Cal, the narrator of Jeffrey Eugenides’ Middlesex, sets the record straight at the beginning of his narrative:1 ‘Something you should understand: Em not androgynous in the least’ (p. 41).2 Cal rejects androgyny in favour of scientific exactitude: ‘5-alpha-reductase deficiency syndrome allows for normal biosynthesis and peripheral action of testosterone, in utero, neonatally, and at puberty’ (p. 41), There is no ambiguity: ‘I operate in society as a man’ (p. 41). His repudiation of androgyny is a refusal to live with gender or sexual ambiguity, and once his hermaphrodite status has been revoked, his (masculine) femininity can be sloughed off. Cal, as Calliope, was biologically hermaphrodite, and towards the conclusion of his story, Plato’s Symposium is cited by Cal’s new friend, Zora, who offers him an alternative explanatory narrative to the scientific category ‘5-Alpha-Reductase Pseudohermaphrodites’:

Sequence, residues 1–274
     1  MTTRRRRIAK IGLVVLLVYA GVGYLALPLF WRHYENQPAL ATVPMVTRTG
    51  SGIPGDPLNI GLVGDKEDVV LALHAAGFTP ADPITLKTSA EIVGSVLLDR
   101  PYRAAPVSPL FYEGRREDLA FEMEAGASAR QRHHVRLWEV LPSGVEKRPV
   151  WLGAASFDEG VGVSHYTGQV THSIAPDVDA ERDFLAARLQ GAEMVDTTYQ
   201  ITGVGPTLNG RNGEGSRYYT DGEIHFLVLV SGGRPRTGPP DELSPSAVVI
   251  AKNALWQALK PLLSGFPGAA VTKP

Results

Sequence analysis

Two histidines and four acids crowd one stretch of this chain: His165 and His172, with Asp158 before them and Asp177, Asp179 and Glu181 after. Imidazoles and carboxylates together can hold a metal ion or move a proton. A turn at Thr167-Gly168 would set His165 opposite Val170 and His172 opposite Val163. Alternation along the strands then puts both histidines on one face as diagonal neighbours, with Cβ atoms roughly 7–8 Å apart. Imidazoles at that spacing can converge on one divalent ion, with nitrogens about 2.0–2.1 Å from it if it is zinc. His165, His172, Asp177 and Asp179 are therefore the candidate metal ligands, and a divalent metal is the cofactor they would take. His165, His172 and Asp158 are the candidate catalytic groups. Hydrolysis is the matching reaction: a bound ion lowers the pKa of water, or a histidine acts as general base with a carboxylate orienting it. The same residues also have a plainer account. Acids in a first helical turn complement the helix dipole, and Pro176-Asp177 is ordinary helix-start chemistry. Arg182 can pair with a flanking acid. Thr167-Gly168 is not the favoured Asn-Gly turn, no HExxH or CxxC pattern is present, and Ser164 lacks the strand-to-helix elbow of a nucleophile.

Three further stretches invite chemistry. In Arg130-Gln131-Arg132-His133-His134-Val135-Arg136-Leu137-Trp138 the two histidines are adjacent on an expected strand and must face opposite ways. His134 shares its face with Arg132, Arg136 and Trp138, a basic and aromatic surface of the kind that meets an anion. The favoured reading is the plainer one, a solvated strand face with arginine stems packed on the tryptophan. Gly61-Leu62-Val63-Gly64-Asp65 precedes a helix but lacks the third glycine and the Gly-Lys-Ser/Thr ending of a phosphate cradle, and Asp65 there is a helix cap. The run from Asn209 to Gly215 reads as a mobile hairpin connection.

There have been hermaphrodites around forever, Cal. Forever. Plato said that the original human being was a hermaphrodite. Did you know that? The original person was two halves, one male, one female. Then these got separated. That’s why everybody’s always searching for their other half. Except for us. We’ve got both halves already.3


Sexual Identity Modern Literature Literary Imagination Sexual Aberration Internalise Homophobia 
These keywords were added by machine and not by the authors. This process is experimental and the keywords may be updated as the learning algorithm improves.


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Copyright information

© Tracy Hargreaves 2005

Authors and Affiliations

  • Tracy Hargreaves
    • 1
  1. 1.School of EnglishUniversity of LeedsUK

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